Cambie corridor planning could have an impact on 43,000 residents south of West 16th Avenue

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      Vancouver's assistant director of planning for Vancouver South has suggested including Oak and Ontario streets within phase three of the Cambie Corridor scope of work.

      In a presentation to city council today, Susan Haid said there are opportunities to "knit" the Louis Brier Home and Hospital at 1055 West 41st, the King Edward Mall site, and the Langara Family YMCA site into the planning process.

      She also defined the Cambie corridor as encompassing Ontario Street on the east, Oak Street on the west, and moving south from West 16th Avenue to the Fraser River.

      The population of this area is 43,000—approximately the same as the City of North Vancouver. In the northern part of the corridor, she said, the median family income is $69,000 and it declines to $52,000 in the southern section.

      In addition, Haid pointed out that the corridor is "very family-oriented" with nearly 30 percent of households having children under the age of 19. Most households are single-family with 57 percent being owners and 43 percent being renters.

      In 2009, council approved a three-phase process for dealing with the corridor, which was transformed by the opening of the Canada Line that year.

      In the first phase, which was approved in 2010, council approved planning principles and an interim rezoning policy around rapid-transit stations.

      The second phase was endorsed in 2011 and outlined planning for arterials and an interim public-benefits strategy.

      "Phase three is intended to focus on the transition areas off of the arterials," Haid explained.

      Since 2011, there have been 33 rezoning applications in the Cambie corridor, and 26 have been approved covering 1.8 million square feet.

      Haid said that this has led to a "commitment to deliver 6,600 units", with more than half offering two or more bedrooms.

      She added that these rezonings will ultimately provide $256 million in community-amenity contributions and public art, including 143 child-care spaces.

      Meanwhile, the general manager of planning and development, Brian Jackson, told council that the Marpole community planning process has influenced the thinking around this phase.

      "We learned not all single-family neighbourhoods want to change," Jackson said.

      As a result, staff is looking at making a transition to single-family areas by ensuring there is far more ground-oriented family housing in the corridor.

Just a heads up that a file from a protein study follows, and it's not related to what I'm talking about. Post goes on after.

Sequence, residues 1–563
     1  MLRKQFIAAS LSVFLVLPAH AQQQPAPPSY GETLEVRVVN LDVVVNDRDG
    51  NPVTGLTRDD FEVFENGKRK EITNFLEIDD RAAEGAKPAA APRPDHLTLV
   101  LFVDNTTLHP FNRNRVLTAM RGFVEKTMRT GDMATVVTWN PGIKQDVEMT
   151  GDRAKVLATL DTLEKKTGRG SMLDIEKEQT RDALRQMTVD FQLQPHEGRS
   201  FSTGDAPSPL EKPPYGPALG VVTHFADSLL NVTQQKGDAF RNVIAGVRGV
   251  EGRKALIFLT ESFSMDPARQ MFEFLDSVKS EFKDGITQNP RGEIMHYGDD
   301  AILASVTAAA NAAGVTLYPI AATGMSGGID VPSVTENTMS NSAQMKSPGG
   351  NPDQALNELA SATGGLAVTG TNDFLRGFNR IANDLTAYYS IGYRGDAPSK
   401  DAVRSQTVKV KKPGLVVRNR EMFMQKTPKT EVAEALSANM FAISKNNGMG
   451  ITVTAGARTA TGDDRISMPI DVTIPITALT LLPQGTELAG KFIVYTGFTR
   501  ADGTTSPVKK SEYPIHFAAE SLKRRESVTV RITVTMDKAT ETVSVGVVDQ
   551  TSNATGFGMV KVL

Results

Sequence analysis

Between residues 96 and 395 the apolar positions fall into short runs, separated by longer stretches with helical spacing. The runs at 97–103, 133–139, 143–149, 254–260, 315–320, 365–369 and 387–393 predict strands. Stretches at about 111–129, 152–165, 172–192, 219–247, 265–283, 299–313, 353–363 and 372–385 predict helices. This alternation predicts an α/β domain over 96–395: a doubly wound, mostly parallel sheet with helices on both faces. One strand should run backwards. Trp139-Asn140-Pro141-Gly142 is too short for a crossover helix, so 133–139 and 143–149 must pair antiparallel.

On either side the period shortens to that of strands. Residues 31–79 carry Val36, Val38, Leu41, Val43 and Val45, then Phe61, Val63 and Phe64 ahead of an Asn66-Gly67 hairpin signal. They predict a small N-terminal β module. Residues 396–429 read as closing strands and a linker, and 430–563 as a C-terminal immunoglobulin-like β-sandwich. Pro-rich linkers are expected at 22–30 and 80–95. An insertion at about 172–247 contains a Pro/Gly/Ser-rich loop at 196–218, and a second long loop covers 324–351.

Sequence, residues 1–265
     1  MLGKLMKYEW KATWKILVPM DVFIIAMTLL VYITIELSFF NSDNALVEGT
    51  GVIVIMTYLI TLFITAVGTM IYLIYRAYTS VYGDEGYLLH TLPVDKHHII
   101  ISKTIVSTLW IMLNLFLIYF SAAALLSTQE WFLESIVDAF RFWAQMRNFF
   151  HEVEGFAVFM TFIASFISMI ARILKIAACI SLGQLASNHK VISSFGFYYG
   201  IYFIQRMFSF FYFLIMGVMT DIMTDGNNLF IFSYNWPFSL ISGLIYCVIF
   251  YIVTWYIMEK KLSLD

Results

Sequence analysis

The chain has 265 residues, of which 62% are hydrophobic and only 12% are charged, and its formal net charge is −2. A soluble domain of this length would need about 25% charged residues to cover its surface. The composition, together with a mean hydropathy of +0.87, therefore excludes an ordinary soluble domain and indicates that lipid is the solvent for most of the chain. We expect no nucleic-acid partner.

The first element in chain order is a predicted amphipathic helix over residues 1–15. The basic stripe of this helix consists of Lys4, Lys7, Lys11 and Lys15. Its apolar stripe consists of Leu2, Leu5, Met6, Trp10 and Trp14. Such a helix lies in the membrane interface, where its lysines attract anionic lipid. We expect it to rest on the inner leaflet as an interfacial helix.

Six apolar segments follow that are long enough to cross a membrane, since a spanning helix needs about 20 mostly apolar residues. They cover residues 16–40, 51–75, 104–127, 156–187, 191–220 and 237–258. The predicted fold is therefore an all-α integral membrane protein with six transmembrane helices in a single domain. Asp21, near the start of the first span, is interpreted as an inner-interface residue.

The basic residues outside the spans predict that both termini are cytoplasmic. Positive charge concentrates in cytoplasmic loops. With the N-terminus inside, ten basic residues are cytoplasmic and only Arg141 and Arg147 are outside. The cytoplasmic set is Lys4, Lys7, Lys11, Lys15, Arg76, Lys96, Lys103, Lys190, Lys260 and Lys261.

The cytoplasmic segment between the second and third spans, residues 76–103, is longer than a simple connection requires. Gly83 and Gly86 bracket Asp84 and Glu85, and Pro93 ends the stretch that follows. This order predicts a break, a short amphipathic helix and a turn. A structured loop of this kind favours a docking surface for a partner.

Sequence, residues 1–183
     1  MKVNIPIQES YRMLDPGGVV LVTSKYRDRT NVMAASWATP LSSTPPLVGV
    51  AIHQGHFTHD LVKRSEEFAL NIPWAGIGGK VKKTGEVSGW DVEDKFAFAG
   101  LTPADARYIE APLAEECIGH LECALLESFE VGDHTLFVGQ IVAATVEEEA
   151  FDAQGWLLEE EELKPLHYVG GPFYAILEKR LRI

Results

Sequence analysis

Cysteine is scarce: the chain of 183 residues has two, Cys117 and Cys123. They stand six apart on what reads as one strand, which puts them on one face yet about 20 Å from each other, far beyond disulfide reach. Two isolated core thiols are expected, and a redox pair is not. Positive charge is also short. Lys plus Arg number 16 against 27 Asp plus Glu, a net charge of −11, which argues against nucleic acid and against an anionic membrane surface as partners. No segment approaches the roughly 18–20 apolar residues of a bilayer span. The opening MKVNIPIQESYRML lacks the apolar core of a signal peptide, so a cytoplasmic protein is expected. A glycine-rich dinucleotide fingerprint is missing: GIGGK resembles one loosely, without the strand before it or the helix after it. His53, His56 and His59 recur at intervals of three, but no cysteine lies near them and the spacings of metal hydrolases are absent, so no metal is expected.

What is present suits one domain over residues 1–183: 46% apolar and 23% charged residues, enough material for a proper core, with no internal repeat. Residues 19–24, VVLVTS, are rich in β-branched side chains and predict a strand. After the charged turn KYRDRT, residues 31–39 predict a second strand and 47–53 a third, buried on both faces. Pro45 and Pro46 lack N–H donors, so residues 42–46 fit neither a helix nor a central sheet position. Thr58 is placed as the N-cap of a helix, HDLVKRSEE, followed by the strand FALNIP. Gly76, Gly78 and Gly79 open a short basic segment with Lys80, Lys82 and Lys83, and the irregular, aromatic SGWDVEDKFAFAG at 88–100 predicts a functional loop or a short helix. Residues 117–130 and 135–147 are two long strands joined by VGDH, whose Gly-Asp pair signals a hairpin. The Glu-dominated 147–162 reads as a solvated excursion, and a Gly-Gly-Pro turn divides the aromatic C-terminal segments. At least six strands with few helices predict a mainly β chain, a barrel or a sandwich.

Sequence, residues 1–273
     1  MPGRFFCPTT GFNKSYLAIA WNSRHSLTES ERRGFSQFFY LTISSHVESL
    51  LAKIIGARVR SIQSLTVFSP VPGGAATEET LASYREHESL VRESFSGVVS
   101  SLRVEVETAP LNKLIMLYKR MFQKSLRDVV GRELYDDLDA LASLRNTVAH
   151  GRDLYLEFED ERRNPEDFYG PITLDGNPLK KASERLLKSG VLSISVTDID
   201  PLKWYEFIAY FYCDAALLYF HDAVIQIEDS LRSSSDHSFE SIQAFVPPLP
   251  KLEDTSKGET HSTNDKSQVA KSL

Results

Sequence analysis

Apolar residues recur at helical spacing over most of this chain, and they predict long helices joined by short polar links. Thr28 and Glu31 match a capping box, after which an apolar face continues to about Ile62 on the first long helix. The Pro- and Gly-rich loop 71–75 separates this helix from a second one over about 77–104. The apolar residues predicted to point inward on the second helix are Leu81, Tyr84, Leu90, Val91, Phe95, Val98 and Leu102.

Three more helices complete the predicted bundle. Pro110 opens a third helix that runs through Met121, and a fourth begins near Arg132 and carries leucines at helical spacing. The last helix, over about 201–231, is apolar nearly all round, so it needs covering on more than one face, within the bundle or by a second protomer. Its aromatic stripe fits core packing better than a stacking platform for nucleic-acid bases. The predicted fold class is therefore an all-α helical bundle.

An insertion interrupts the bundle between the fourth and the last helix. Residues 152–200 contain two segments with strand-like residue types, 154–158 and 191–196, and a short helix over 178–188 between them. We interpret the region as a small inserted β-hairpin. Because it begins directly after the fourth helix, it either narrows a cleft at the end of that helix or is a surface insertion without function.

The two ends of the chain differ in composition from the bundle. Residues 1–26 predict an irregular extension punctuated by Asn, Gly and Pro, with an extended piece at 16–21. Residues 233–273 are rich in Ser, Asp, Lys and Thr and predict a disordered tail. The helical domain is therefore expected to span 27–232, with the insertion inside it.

Haid said that the city intends on employing an "adaptive planning process" that will take a "localized approach" by meeting small groups of residents.

      Staff has also recommended that council approve a rezoning policy to set conditions for changing land uses and enabling heritage revitalization as the third phase of planning proceeds. Tomorrow, the public will have an opportunity to speak to the staff recommendations at a committee meeting at Vancouver City Hall.




      Apr 14, 2015 at 4:26pm

      This city is f*cked


      Apr 14, 2015 at 6:33pm

      Of course the city tells the public this after the large land accumulations occurring on Oak St. become news. These lots are where large tracts of single family homes will be given rubber stamp zoning approval for high density housing. Oak and Cambie and soon chunks of Granville will look like Fairview Slopes one day.


      Apr 14, 2015 at 7:14pm

      Wonderful. Anything to create housing units in a city desperate for new supply. Near transit corridors is the easiest to add. Hopefully the city won't listen exclusively to the loudest nimbly resident and give more consideration to the less wealthy people who will be able to live close to where they would like to.

      S. Johnstone

      Apr 15, 2015 at 8:03am

      One has to wonder where all of the opposition was when the first phase was passed in 2009? If this had been east of Ontario the GS would have been all over it and many outlandish claims made and much froth produced.

      Xander Davis

      Apr 15, 2015 at 1:36pm

      Have you seen the StatsCan Census profile of the area?
      Mainly 64% new Asian immigrants ready to sell out.
      Nobody in Planning nor on Council knows any Asian immigrants from 20 years ago, nor care.